It hasn’t happened many times in the history of its participation in the WJC that U.S. National Junior Team had reasons to believe it could win all. But it is the case this year. The roster of the present edition of Team USA includes many great players. One of them is Ryan Kesler.
A Vancouver first round pick in the 2003 NHL Entry Draft, Kesler is a product of the US National Team Development Program (USNTDP). The native of Livonia, Michigan was also a member of the squad who won the gold medal at the U18 2002 World Championship in Slovakia where he received the Best Player Award for the tournament.
At the 2003 World Junior in Nova Scotia, Kesler was the second scoring leader of his team. He is back at the World Junior in 2004, having in the meantime played seven games with Vancouver Canucks.
“We are fortunate Vancouver had a healthy roster and agreed to release Ryan to us,” said Mike Eaves, Team USA coach at the Helsinki Arena.
“For several reasons, he is a big piece of the puzzle,” admitted the coach. Among the factors, Eaves mentioned that Kesler has a lot of experience from former U.S. national teams but also from the one he got on minor pro level with Manitoba Moose in AHL and from his seven games played for Vancouver Canucks.
“I can see the change. He is bigger, stronger and shots the puck harder,” said Eaves who coached Kesler for two years when the latter was on U17 and U18 teams with the NTDP. “You can tell he played with men,” he added.
Kesler is an essential part of the penalty killing and power play specialty teams.
“His best game was against Russia,” said Eaves prior to the semi-final game against Finland.
So far, Kesler has scored two goals in four games at the 2004 WJC. He played a remarkable game against Finland in the semi-final.
A hard man
Kesler was severely hit close to an eye by a stick during the game against Slovakia. The injury necessitated many both internal and external stitches to repair the damages. Linda and Mike Kesler, Ryan’s parents, were in the arena when it happened.
“The doctor said it was as close as you can come out losing an eye”, commented his father yesterday.
Ryan had to visit a specialist in the city of Tampere to be sure his eye was OK. He came back on ice the following game against Sweden. “The team’s doctor admitted that not many kids would be on ice so fast with such an injury,” added Ryan’s father. According to Mr. Kesler, his son played 24 minutes in that game, including 12 in a period while Ryan had to continuously kill penalties for his team.
The road to the success
Ryan’s father Mike played hockey at Colorado College and has since been coaching hockey for almost 30 years. The now Junior Motor City Chiefs of Michigan coach relates that his son played AAA for Compuware, the same team indeed where former NHL star Pat Lafontaine played in the 1980’s.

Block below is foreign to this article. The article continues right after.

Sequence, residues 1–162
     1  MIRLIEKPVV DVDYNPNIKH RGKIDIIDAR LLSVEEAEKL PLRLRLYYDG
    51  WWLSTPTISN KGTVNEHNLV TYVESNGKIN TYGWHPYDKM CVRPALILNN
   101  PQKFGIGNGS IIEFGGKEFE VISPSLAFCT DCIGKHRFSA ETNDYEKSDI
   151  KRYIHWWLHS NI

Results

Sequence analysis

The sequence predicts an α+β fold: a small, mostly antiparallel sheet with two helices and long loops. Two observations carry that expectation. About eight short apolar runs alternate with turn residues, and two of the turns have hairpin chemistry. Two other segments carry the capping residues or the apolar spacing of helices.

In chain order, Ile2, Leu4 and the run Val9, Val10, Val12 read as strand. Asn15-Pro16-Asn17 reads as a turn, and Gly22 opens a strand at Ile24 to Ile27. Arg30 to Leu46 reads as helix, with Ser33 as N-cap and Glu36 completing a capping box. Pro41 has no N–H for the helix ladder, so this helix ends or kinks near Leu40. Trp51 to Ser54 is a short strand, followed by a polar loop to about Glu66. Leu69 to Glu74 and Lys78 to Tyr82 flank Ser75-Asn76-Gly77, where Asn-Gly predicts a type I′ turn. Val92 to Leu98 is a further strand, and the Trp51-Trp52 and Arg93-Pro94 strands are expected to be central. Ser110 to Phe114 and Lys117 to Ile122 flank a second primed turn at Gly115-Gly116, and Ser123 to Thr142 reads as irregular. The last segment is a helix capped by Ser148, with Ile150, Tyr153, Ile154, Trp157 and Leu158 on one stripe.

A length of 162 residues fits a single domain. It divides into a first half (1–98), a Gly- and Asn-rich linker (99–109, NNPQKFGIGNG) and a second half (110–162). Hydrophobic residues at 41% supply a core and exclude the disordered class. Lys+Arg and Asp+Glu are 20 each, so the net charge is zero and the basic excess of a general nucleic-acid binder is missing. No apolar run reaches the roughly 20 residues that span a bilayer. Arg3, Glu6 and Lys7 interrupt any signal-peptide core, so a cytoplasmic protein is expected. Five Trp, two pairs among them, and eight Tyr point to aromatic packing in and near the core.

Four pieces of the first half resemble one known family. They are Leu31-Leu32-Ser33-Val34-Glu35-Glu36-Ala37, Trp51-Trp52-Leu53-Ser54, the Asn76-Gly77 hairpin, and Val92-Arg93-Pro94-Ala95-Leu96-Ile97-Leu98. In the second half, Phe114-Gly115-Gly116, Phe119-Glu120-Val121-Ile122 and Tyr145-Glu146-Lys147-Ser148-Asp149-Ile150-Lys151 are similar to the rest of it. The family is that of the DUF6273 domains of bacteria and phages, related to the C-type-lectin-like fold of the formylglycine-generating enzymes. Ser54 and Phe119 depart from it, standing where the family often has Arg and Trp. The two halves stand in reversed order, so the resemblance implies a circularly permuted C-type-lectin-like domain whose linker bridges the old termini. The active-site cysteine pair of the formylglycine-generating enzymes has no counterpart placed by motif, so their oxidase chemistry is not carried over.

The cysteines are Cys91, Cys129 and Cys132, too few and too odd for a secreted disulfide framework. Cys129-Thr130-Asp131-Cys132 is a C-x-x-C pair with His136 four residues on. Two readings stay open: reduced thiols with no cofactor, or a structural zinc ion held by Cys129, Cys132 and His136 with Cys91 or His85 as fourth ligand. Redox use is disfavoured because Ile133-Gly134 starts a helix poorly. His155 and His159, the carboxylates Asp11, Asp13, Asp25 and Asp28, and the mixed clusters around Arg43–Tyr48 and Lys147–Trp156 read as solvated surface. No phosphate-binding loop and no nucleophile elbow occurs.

From there Ryan chose the NTDP option “because development was the key word,” said Mr. Kesler. “Every day, the players spend an hour an half on ice and then off ice,” commented Ryan’s father. After this stage, Ryan chose the college road. He went at Ohio State mainly because it was only 20 miles away from home and that the hockey program was very good. His other option considered was Wisconsin University, where Mikes Eaves coaches.
“Ryan is very intense and committed to what he is doing. When he has a goal, he does everything possible to get it,” said Ryan’s father, adding in the same breath that his son does not procrastinate.
According to Mr. Kesler, in the Canucks organization, his son has been compared to Trevor Linden and Adam Deadmarsh. “Mark Crawford has been quoted saying that when someone skates the way Ryan does, that person will have a long career,” added Mr Kesler.
Mike Kesler recognizes it does represent a lot for a father to see his son reach the ultimate goal to play in the best league of the world.
“There is no word to describe the feeling we have. All of a sudden, we realize he is out there and has done it,” says Mr. Kesler of Ryan in the NHL.
Mr. Kesler was also in Slovakia when the USA won the U18 Championship gold medal for the first time. He does remember very well the very close and absolutely thrilling end of the game against Russia.
“My son was on the ice for the last three and half minutes, taking every draw,” he said with emotion reappearing in his voice.
Mike Eaves was the coach in Slovakia then as well. When questioned about those three and half minutes passed on ice a couple of hours after our chat with Ryan’s father, Eaves had a large smile and said, “I would have said that too if I was his father.”